President Bush has signed into law federal legislation designed to curb lawsuits against retailers and restaurants for printing customers’ credit card expiration dates on customer receipts.
The legislation — the Credit and Debit Receipt Clarification Act — amends existing federal law designed to protect consumers from identity theft by clarifying the responsibility of merchants under the Fair and Accurate Credit Transactions Act.
Under the FACTA, merchants were told they could no longer print more than the last five digits of a credit or debit card number “or” the card’s expiration date on receipts after Dec. 4, 2006.
But retailers have been hit with more than 500 class acts lawsuits contending that FACTA required them to take both steps, and seeking fines as high as $1,000 per incident, according to the U.S. Chamber of Commerce.
The new law is being hailed by businesses including the National Retail Federation and its National Council of Chain Restaurants.
“Hundreds of merchants have inadvertently run afoul of the law due to the confusing manner in which this provision was written,” says NCCR Vice President Scott Vinson. “Most businesses made good faith efforts to comply with the law by truncating credit card numbers but were unaware of Congress’ apparent intent that expiration dates be omitted.”
According to NCCR, many merchants interpreted the FACTA law as meaning they could either truncate the card number or leave off the expiration date, but that they were not required to do both. Most truncated the card number but some continued printing the expiration date, reasoning that the expiration date was of no value without the full card number.
The clarifying legislation signed by President Bush states that a company is not in willful violation of the act if it shortens a consumer’s credit card number printed on a receipt to four digits but does not remove the expiration date. It says a business that prints an expiration date on a receipt over the past 18 months cannot be found in violation of the Fair Credit Reporting Act (FCRA) as long as the merchant printed no more than the last five digits of customers’ credit or debit card numbers on receipts and complied with other FCRA requirements.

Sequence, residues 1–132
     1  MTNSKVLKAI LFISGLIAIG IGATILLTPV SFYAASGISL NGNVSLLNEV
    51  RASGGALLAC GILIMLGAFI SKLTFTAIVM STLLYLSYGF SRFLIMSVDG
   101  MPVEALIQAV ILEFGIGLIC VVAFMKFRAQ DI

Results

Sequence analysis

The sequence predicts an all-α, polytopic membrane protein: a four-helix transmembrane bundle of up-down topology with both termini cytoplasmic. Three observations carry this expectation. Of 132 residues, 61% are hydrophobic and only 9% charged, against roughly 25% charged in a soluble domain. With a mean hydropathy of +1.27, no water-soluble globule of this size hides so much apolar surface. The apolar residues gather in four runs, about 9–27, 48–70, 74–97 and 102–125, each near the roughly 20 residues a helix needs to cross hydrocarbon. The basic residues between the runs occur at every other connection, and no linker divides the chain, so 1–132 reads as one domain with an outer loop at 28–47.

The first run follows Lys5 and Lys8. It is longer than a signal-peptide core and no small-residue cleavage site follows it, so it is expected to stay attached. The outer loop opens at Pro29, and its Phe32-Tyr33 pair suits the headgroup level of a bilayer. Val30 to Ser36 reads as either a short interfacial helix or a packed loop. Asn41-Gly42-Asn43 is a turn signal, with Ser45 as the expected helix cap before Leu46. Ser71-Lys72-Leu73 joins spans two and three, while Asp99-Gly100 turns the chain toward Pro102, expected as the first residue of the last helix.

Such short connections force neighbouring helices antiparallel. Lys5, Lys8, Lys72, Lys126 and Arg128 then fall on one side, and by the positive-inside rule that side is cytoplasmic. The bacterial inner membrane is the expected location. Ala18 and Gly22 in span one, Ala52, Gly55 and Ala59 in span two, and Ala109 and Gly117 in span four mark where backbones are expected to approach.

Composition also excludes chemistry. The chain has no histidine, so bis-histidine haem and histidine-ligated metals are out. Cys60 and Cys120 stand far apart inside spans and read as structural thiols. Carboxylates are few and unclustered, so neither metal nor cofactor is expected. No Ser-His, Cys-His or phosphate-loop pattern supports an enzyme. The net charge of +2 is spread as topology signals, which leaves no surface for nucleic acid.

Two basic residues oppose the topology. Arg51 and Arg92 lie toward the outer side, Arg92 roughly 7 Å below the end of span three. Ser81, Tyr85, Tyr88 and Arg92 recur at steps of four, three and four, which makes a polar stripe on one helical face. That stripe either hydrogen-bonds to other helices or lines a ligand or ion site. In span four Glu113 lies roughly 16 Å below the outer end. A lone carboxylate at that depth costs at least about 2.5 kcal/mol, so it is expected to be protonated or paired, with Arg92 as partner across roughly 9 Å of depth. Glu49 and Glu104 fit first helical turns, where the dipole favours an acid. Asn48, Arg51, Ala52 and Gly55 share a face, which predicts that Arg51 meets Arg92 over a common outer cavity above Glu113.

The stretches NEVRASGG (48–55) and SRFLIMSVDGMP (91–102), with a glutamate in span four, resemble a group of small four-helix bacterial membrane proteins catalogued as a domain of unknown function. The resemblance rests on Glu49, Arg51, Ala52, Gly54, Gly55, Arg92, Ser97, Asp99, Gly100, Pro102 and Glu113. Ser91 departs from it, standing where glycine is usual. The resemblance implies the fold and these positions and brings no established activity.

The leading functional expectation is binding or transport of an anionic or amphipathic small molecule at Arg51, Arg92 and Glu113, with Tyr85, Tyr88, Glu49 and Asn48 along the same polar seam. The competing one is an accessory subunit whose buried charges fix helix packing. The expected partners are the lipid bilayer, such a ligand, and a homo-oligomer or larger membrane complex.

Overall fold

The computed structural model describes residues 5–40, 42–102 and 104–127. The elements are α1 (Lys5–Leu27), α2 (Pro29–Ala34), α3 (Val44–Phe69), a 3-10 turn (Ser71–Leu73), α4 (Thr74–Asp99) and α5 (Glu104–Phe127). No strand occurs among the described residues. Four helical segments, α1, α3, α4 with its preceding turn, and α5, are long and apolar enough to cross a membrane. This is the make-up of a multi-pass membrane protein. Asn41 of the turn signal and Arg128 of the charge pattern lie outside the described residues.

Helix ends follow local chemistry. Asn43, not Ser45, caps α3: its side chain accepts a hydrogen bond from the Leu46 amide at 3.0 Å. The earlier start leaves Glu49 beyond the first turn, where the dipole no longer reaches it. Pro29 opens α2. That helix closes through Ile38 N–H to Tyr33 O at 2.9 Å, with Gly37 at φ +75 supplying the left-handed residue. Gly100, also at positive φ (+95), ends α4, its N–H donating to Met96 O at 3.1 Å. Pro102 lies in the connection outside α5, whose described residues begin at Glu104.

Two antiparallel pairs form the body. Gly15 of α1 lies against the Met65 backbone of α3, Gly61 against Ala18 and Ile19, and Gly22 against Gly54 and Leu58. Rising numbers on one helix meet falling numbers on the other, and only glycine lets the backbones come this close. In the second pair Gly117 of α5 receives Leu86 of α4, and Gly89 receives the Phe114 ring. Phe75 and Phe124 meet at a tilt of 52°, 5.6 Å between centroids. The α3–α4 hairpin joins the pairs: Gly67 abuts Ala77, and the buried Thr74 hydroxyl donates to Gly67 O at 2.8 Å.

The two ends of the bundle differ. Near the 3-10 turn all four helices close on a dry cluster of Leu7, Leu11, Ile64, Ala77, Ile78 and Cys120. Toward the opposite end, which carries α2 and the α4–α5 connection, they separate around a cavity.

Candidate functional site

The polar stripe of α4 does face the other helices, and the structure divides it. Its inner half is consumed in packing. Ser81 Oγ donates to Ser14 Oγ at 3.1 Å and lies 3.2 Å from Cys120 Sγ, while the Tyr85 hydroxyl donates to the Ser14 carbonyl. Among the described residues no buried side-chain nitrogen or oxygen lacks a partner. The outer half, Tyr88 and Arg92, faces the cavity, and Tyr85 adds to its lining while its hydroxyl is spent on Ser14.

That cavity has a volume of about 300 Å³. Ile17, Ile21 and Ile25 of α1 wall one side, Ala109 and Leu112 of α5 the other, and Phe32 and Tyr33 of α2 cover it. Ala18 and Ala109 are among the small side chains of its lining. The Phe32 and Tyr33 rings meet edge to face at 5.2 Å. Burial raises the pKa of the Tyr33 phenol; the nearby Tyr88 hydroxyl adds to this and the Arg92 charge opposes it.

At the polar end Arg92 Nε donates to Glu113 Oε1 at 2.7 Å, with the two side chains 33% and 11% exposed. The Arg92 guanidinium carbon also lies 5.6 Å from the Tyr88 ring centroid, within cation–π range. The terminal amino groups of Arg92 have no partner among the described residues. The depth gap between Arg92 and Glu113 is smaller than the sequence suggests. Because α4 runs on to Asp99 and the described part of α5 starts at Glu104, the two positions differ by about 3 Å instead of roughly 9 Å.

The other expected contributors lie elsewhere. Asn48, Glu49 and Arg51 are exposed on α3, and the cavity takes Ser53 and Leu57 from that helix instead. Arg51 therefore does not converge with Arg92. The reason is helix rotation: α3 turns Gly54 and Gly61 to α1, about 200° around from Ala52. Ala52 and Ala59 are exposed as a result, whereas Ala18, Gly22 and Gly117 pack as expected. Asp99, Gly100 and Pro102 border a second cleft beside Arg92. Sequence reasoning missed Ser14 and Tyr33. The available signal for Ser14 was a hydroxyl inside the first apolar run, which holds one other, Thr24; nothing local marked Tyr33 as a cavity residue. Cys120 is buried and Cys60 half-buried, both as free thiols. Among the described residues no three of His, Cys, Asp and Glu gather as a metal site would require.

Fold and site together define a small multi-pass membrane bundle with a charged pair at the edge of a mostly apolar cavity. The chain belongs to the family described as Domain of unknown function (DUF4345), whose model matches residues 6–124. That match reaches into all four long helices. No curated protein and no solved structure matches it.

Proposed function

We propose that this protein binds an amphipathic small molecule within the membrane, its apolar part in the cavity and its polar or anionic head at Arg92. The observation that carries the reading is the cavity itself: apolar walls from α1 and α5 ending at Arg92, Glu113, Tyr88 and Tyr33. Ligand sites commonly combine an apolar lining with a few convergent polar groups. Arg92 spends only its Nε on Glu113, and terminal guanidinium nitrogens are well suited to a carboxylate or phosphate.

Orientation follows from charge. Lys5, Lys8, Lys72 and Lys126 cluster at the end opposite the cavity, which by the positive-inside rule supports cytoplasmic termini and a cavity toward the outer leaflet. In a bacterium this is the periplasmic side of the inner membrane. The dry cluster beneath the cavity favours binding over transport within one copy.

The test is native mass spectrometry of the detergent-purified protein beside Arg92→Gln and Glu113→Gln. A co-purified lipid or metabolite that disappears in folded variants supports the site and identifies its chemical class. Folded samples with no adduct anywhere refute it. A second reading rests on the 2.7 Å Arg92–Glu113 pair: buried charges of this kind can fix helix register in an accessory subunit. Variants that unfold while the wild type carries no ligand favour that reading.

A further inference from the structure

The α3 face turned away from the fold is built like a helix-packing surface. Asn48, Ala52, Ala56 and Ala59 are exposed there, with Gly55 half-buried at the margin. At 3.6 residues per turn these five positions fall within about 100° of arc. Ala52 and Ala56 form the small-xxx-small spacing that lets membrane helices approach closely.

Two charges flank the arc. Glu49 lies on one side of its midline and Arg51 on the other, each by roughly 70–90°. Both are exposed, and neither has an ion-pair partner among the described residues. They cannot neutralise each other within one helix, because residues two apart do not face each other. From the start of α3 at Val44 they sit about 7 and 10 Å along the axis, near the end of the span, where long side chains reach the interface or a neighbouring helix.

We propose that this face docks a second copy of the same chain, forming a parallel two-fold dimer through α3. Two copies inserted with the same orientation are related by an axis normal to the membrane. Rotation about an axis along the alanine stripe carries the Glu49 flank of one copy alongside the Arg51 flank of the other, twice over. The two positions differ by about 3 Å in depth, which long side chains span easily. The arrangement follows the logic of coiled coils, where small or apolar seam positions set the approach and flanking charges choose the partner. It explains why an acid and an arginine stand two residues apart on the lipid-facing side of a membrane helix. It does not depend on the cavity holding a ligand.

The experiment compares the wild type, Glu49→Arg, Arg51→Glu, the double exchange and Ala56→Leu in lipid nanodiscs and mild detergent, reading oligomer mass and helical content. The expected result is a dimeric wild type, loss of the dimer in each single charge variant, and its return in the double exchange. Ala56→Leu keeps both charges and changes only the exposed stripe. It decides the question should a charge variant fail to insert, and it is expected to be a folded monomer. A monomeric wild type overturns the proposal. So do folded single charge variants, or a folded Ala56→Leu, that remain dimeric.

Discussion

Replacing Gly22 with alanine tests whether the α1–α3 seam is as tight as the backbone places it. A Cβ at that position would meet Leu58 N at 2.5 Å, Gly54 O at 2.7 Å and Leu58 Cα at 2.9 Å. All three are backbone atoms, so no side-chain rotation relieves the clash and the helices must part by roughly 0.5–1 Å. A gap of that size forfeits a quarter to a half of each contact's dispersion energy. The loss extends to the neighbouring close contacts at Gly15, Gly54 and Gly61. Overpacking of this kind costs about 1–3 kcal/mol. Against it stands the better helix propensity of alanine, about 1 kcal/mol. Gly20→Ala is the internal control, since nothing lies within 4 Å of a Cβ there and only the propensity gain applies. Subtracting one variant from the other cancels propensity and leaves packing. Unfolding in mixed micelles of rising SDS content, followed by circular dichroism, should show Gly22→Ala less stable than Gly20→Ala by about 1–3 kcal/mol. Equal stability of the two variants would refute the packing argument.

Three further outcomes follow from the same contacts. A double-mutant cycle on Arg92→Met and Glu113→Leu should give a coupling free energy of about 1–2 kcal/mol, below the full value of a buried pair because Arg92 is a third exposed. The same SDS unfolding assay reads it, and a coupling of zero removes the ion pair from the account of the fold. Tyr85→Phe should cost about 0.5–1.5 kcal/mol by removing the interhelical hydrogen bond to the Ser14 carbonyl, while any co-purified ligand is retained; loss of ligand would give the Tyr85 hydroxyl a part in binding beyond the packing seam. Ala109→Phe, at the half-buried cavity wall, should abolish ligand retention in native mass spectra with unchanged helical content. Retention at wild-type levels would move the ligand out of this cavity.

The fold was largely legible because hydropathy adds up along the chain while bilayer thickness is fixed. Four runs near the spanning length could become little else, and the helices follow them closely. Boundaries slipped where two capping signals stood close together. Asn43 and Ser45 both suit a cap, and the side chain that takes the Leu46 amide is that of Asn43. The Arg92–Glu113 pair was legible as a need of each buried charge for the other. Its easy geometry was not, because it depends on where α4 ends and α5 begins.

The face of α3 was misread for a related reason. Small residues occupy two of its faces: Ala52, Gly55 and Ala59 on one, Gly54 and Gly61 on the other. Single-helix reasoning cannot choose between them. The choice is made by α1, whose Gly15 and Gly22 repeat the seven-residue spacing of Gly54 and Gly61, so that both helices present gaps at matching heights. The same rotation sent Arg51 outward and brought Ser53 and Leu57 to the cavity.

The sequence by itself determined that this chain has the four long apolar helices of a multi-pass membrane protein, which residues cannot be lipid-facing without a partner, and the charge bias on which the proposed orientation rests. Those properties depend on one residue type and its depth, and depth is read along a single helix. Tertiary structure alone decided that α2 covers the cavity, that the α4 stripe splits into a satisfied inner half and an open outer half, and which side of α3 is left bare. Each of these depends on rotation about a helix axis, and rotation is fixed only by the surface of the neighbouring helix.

“Including expiration dates on receipts has done nothing to put consumers at risk, but opportunistic attorneys have nonetheless seized on this ambiguity in the law to file lawsuits that threaten innocent businesses with hundreds of millions of dollars in penalties, ” said Vinson. “This legislation will put a stop to that effort to shake down America’s merchants.”
According to the Federal Trade Commission, 3.2 million adults reported they were victimized by misuse of one or more their credit cards or credit card numbers in 2005.
Since FACTA does not allow individuals to sue, attorneys have brought the lawsuits under state laws citing FACTA, which includes a statutory damages clause.
Class action suits related to credit card receipts now pending in U.S. District Court in Maryland target Wegmans Food Market Inc. and Weis Markets Inc.
The House and Senate approved the Credit and Debit Receipt Clarification Act without opposition in May. The bill was sponsored as H.R. 4008 in the House by Financial Services Committee member Rep. Tim Mahoney, D-Fla., and as S. 2978 in the Senate by Banking, Housing, and Urban Affairs Committee member Sen. Charles Schumer, D-N.Y.
“This bill makes the previously passed legislation much more sound, and leaves Americans more secure,” said Sen. Fred Thompson, R-Tenn., one of the co-sponsors.
The U.S. Chamber had urged lawmakers to support the measure, arguing that it “preserves a consumer’s right to sue in the event of actual harm or account fraud and does not eliminate a business’ obligation to properly truncate the account number or to eliminate the expiration date from its receipts.”
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